(if you really, really must)
- General notes on Linux for a newbie
- General info
- Moving between command line and desktop
- Dual display
A quote from the Psychtoolbox wiki:
“Technically, in our experience, Linux is much more advanced, feature rich, robust and reliable in its operation than MS-Windows. It provides much more robust and precise timing behaviour, higher overall performance and it is much more flexible and customizable for applications with special needs. Unfortunately, most of our userbase consists of Windows users and the Linux userbase is very small. Therefore we can’t spend as many ressources on supporting and developing the Linux Psychtoolbox as we spend on maintaining the Windows Psychtoolbox for a larger userbase. This leads to the unfortunate situation that the Linux PTB lacks a few useful features wrt. the Windows Psychtoolbox, e.g., movie playback support, and that getting started with the Linux PTB likely involves a much steeper learning curve in the beginning. Therefore, we can not unconditionally recommend the current Linux Psychtoolbox over the Windows Psychtoolbox to beginners, but only to advanced power users, although this means that the majority of users will be locked to a technically far inferior operating system with many shortcomings. ”
I would second that, and add that as of 2012, I am not aware of any reason to use Linux over Windows. A couple of years ago, I couldn’t get high refresh rates under Windows, but recently I have been able to do so just fine. So I would personally recommend anyone to stay with Windows, unless you are a serious techie who knows what you are doing under Linux in all its complicated incarnations. I score fairly highly on the geek scale (did a PhD writing Fortran code under Unix, thesis in LaTeX etc) but am STILL not techie enough to get anything out of Linux.
I am preparing to run a set of experiments where I want excellent timing and excellent contrast control. For this reason, I am using two CRTs capable of up to 160Hz refresh rates, one for the experimenter and one for stimulus display. The stimulus CRT is connected via a DATAPixx box which gives it effectively 16-bit contrast (0-65536 graylevels, instead of 0-255 as usual).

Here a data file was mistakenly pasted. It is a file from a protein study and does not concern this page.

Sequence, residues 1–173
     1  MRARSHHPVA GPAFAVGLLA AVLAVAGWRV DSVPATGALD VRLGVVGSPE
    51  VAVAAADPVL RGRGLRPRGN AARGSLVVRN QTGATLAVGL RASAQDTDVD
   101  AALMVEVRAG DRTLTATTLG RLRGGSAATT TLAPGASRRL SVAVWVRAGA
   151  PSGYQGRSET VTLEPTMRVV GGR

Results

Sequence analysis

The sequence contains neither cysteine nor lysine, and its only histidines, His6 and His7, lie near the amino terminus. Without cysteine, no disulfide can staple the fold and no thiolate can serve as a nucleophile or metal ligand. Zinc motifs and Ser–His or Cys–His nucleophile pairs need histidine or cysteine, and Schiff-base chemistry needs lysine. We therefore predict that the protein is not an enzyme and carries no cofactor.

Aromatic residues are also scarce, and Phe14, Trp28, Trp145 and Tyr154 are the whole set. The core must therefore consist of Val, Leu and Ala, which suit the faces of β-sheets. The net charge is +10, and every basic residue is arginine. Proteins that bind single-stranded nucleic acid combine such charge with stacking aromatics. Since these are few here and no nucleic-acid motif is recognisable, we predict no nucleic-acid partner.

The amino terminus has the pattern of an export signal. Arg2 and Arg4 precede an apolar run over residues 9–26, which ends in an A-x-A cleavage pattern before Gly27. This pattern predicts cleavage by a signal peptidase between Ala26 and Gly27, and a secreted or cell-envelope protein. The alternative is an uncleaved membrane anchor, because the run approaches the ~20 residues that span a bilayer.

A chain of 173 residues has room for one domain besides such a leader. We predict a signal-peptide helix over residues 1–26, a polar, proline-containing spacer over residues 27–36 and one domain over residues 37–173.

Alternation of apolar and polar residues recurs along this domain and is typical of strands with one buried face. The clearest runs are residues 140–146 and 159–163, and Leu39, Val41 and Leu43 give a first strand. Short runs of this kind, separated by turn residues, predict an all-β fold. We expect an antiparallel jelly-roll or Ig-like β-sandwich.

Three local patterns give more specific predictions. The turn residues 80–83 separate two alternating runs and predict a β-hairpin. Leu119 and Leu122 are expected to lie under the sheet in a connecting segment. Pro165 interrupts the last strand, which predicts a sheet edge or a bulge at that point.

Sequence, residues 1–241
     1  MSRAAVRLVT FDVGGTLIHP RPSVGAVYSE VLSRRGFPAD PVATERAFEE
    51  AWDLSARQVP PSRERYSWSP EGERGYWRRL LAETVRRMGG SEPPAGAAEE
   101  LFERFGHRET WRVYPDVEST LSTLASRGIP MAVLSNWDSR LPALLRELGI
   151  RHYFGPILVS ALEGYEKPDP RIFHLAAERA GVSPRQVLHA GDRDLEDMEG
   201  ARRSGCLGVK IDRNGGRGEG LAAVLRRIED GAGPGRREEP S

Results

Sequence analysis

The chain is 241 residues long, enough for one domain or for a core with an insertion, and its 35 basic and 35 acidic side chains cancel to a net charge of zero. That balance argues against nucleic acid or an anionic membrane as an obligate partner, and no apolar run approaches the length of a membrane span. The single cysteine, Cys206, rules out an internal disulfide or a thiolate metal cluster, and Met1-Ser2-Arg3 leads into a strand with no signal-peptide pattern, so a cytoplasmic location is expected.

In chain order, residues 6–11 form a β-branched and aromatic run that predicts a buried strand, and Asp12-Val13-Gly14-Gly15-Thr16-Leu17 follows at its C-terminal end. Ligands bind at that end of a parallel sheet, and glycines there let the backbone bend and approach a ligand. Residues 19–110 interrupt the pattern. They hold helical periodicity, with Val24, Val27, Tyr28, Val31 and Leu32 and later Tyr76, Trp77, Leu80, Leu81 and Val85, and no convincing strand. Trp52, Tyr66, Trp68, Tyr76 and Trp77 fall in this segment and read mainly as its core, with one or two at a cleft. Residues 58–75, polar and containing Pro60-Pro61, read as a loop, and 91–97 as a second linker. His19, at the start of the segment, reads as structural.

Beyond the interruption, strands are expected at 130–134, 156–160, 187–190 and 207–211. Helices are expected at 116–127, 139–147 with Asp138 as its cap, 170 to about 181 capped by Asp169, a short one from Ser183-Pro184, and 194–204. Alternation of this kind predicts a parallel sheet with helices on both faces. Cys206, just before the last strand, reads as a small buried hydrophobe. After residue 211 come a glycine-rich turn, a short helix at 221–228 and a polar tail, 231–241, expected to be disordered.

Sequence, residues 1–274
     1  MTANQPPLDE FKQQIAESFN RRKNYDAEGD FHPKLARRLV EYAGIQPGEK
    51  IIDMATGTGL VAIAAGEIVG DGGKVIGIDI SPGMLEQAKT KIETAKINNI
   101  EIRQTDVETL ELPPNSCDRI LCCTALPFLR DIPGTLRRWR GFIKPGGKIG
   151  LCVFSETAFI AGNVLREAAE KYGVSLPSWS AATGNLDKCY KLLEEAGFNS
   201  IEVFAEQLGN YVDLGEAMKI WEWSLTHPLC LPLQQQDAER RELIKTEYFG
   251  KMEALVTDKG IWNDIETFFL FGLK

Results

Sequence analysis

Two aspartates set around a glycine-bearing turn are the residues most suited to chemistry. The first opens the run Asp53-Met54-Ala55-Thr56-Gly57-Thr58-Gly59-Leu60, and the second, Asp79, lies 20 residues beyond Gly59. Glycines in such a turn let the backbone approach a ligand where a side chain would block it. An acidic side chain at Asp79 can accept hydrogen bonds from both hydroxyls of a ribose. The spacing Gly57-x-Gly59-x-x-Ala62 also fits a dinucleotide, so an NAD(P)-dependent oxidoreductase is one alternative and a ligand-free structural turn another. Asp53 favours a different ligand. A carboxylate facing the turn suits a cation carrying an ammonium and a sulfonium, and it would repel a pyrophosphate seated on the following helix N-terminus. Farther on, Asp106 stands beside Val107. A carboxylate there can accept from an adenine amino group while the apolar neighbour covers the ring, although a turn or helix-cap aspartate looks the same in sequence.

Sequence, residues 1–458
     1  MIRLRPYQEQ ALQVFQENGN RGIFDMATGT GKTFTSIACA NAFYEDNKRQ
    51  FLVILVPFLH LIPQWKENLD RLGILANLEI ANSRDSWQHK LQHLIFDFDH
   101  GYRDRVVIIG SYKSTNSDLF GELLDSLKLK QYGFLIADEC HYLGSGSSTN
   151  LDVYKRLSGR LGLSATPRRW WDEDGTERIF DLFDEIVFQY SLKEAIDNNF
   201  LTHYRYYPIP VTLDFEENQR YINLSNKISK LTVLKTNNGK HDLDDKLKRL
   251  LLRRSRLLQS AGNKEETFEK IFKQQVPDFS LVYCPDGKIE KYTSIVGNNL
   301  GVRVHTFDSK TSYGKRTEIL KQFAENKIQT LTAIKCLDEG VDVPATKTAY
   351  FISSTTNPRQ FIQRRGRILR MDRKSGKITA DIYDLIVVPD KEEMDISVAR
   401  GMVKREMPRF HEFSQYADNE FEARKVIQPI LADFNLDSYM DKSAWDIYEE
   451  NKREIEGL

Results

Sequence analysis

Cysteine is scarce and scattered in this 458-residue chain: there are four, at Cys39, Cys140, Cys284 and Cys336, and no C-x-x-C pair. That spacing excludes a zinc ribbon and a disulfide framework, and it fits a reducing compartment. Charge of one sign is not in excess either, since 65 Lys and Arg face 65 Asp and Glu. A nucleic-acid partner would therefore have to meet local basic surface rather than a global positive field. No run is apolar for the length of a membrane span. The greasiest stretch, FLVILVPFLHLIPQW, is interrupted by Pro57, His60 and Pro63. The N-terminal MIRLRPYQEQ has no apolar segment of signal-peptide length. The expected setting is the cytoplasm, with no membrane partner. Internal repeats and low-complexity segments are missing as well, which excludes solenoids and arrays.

I was having various timing issues with Windows 7, and for my proposed experiment timing was critical, so inspired by the quote above, I decided to try running it in Linux to see if that improved things. After all, all the code’s written in Matlab, so I’d just run it right away exactly as I would in Windows, only without the timing issues, right?
Well, it has indeed been quite a learning curve, so here are my random and incomplete notes for future reference. Thank you to all the people who put helpful stuff up on the web about all this!
Thank goodness, I had our lovely computing officer, Sean Gray, to install Linux for me. Hence no notes on that process here.
For information about what version of Linux you are running, try
Moving between command line and desktop
To move from the GUI X desktop to the command line, go to a terminal and type “init 3”. If you’re not logged in as root, you’ll have to do “su -“and give the root password first. To move back, you type “init 5” from the command line. Intuitive huh? And geeks wonder why normal people don’t use Linux!!!!
This does not always work, for some reason. You can get it into a muddled state where init 3/5 have no effect. Also try ctrl-alt-backspace to get to the command line from X, and startx to get to X from the command line. If all else fails, I just reboot…
To begin with, my keyboard was US and I kept hitting the wrong keys. I thought I could fix this by going to System->Preferences->Keyboards, Layouts, Add, and selecting UK, and then also changing the keyboard type from “generic international 105-key” to “generic 104 key”. Totally didn’t work. Eventually googling led me to